* Theranos Inc. will formally dissolve, The Wall Street Journal reported, citing a shareholder email. The Palo Alto, Calif.-based blood-testing company, which had been accused of faking tests and defrauding customers, plans to pay unsecured creditors its remaining cash in the coming months.
* Bayer AG reported second-quarter core net income from continuing operations of €1.41 billion, or €1.54 per share, up from €1.35 billion, or €1.52 per share, a year earlier. The German agrochemical and pharmaceutical company lowered its outlook for 2018 to reflect the acquisition of the world's top seed maker, Monsanto Co. The company now anticipates core EPS to decline by a high-single-digit percentage, or between €5.70 and €5.90.
* The U.K. National Health Service reached a commercial deal with Novartis AG to make available within weeks the Swiss drugmaker's personalized chimeric antigen receptor T cell drug, Kymriah, to children and young people with leukemia, a cancer of the blood and bone marrow. The U.K. National Institute for Health and Care Excellence also approved Kymriah, which costs about £282,000 per patient, for entry into the reformed NHS Cancer Drugs Fund.
* Pfizer Inc., which has been publicly complaining about impediments to biosimilar product sales for more than a year, has filed a citizen petition with the FDA requesting that the agency take action against communications from rival pharmaceutical companies about Pfizer's biosimilars. Among the companies mentioned in the document are Johnson & Johnson's Janssen Biotech Inc. unit and Amgen Inc., both drugmakers that market products with corresponding Pfizer biosimilars.
* Amazon.com Inc., Berkshire Hathaway Inc. and JPMorgan Chase & Co. have hired Jack Stoddard as the COO of their joint healthcare venture, a spokesperson for the venture confirmed to S&P Global Market Intelligence on Sept. 4 following a CNBC report. Stoddard started working with the company Sept. 4, according to the spokesperson.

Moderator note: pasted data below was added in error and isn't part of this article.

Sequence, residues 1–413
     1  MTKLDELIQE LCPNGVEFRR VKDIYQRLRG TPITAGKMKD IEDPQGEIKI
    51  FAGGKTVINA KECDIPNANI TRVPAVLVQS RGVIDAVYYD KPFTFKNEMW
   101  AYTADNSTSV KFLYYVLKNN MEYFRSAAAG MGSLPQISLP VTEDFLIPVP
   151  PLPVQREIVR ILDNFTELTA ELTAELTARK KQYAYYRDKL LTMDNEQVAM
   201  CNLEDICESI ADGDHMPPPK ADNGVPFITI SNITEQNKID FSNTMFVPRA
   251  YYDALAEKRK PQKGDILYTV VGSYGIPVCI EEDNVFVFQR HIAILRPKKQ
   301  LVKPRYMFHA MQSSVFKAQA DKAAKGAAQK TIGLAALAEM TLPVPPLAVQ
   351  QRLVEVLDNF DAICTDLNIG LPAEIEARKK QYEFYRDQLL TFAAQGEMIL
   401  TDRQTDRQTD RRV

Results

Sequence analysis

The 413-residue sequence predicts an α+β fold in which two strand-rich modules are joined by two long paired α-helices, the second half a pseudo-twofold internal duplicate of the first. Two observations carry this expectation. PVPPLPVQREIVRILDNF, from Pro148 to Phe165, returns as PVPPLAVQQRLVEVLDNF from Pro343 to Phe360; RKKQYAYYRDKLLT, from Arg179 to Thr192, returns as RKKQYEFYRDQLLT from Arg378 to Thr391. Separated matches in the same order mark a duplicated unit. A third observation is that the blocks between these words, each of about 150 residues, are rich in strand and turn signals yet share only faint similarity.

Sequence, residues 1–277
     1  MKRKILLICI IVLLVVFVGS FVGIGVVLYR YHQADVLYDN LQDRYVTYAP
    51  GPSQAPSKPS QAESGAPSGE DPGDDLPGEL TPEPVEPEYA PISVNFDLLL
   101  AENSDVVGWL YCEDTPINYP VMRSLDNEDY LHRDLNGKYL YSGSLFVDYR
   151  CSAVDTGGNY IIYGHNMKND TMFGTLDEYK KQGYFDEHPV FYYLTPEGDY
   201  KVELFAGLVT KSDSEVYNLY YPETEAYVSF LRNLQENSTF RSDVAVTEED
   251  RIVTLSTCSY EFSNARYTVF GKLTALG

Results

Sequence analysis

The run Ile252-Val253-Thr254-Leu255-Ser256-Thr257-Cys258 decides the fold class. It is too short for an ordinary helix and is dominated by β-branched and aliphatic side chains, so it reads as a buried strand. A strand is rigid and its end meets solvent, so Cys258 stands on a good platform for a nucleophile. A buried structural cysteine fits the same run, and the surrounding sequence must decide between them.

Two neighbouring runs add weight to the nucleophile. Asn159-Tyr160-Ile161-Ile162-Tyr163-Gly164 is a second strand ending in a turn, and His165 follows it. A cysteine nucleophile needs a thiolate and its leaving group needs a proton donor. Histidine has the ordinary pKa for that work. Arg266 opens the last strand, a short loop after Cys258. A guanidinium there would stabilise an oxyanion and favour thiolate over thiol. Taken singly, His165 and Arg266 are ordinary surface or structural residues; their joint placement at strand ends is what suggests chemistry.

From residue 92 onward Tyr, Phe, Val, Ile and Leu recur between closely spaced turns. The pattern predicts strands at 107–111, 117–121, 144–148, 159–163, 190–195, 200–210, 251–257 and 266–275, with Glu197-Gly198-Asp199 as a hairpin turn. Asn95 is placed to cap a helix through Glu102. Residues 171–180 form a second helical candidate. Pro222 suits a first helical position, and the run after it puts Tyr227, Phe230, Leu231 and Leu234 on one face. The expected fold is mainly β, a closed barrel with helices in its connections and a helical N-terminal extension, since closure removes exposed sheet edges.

On the policy front
* Scott Gottlieb, the commissioner of the U.S. Food and Drug Administration, is not satisfied with the pace at which the American market for biosimilars — lower-cost versions of biologic medicines — is growing, noting that only a dozen of those products have been approved by his agency. Only four of the 12 biosimilars are being marketed in the U.S. because of ongoing patent litigation or settlements that have delayed the cheaper competitor's market entrance, resulting in the loss of potential cost savings for Americans, the FDA chief said.
M&A and capital markets
* Teva Pharmaceutical Industries Ltd. launched tender offers to buy certain of its senior notes for a combined aggregate purchase price of up to $400 million. The Israeli drugmaker said the offers, which will be funded with available cash on hand, will help reduce its total debt and overall interest expense.
* Principia Biopharma Inc. priced its Nasdaq IPO of 4,687,500 common shares at between $15 and $17 apiece.
Drug and product pipeline
* Therapeutic Solutions International, Inc. is planning to allow patients to access its immunotherapy drug StemVacs under the Right to Try Act after an early trial of the medicine showed safety in patients with advanced cancer. The legislation allows Americans with a life-threatening disease or condition to seek experimental treatments without having to go through the FDA's long-standing compassionate-use process.
* Eisai Co. Ltd. and Merck & Co. Inc. said the National Medical Products Administration of China approved Lenvima as a single therapy for patients with hepatocellular carcinoma, a type of liver cancer, whose cancers could not be removed through surgery and those who have not received prior systemic therapy.